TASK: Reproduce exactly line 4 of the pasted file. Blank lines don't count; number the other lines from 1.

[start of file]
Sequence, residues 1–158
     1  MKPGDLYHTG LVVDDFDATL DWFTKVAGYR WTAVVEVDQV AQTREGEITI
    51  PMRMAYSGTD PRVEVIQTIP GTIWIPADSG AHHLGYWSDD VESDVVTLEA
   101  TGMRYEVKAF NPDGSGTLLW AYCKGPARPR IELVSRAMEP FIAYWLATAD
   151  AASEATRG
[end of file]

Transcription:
   101  TGMRYEVKAF NPDGSGTLLW AYCKGPARPR IELVSRAMEP FIAYWLATAD